We all know how stressful planning your future can get; sometimes you just have no clue what to do. And that’s ok. As personal and customary as your future is for you, sometimes, it is nice to hear a different perspective. A different viewpoint. A different story.
Admit Guru hears you loud and clear: presenting Pathways to Success. Pathways to Success is a FREE brand-new live-webinar series by Admit Guru where Program Management Intern Nisha Shastry will be interviewing figures from various different fields to give you guys an insight into how these guys made it. We’ll be discussing their journey from high school to where they are now, including high school navigation, college admission, and post-grad life. Live participants will also have a chance to ask our guests their own questions as well.
Our first episode occurred on February 4th, featuring Admit Guru co-founder, former Equities Trader, and current Stanford MBA student, Ricardo Rosales. We discussed his journey from being a normal high school student living in San Antonio, TX to a successful individual on Wall Street:
So I’m going to go through the basics of high school: what extra kind of extracurriculars did you do? How did you spend your time?
I was really involved in music things. So, for example, I was in choir, I was also part of sort of a band at one point and I also started a small recording company, where I had individuals come over to a small recording studio that I built in my house and recorded music with them. I wasn’t too involved in a lot of the activities at school outside of those things, however.
Areally big part of high school, obviously, is the standardized testing, as in SATs ACTs things like that, so how did you kind of go about that?
That was one of the things where I wish I had a better plan than I did at the time; everybody told me that I had to prepare for them, and obviously, they were going to be needed for school; therefore, it was definitely was something that weighed heavily on me in terms of planning for the future. I probably didn’t spend enough time as I needed to, but I used the Internet to figure out what were some good ways to study. After that, I took the test once, and I got a pretty good score for my school, and it seemed in line with some of the scores that folks were getting at the colleges that I was targeting. Thinking back on it now, I really wish I had somebody to hold my hand a little bit more- to try to think more about planning and push me to achieve my full potential because I do think I could have potentially gone to a much better school for undergrad. I recognize now, going to Stanford, how many opportunities a school like this opens for you, so I would have loved to have had that experience in undergrad as well.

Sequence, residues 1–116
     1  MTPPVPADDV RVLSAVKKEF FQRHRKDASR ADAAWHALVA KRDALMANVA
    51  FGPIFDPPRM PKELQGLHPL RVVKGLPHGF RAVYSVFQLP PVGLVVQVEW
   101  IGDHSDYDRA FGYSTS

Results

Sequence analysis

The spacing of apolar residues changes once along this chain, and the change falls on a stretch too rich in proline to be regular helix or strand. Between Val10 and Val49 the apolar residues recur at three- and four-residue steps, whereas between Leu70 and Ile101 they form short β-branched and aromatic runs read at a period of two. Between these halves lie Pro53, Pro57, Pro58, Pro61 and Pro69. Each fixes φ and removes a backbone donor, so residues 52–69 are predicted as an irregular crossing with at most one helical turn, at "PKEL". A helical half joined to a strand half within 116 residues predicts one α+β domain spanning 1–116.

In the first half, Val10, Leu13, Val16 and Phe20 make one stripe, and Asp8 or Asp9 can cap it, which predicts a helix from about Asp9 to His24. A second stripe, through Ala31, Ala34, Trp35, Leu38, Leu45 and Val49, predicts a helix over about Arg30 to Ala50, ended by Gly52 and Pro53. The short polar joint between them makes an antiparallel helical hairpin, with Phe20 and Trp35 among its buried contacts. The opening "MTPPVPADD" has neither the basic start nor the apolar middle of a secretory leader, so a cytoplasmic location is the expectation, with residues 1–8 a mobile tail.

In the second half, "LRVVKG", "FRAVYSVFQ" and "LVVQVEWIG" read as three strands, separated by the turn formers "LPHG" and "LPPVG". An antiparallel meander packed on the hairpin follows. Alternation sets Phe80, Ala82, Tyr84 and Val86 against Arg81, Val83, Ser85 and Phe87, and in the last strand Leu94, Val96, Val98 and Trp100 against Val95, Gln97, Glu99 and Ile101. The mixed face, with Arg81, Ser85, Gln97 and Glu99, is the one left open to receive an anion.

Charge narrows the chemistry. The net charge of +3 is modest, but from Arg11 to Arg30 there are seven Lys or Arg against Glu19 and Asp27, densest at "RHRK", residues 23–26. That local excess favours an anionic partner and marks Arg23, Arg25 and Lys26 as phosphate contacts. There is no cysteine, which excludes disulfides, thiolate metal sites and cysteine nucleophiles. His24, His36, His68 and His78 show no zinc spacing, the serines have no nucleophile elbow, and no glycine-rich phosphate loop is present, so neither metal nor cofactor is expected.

You touched a little bit on the schools that you were targeting; how did you tackle the college application process because that’s a very big, complicated, messy kind of journey that you have to go through?
For me, when I was first applying to schools, my main purpose was around trying to find a school that was really good in terms of music. There were the local area schools that I knew about from just my band director, which was the University of North Texas, and then I also knew I had to have some reach schools to shoot for. In my case, they were Berklee College of Music and NYU — which I ended up going to. Additionally, I did apply to the local UTSI at my local college — just as a backup.
So that’s really interesting actually that you’re in finance right now, but you did not focus on that in college you actually went into music. So, did you end up transitioning to something in finance at that point somewhere in the middle of college?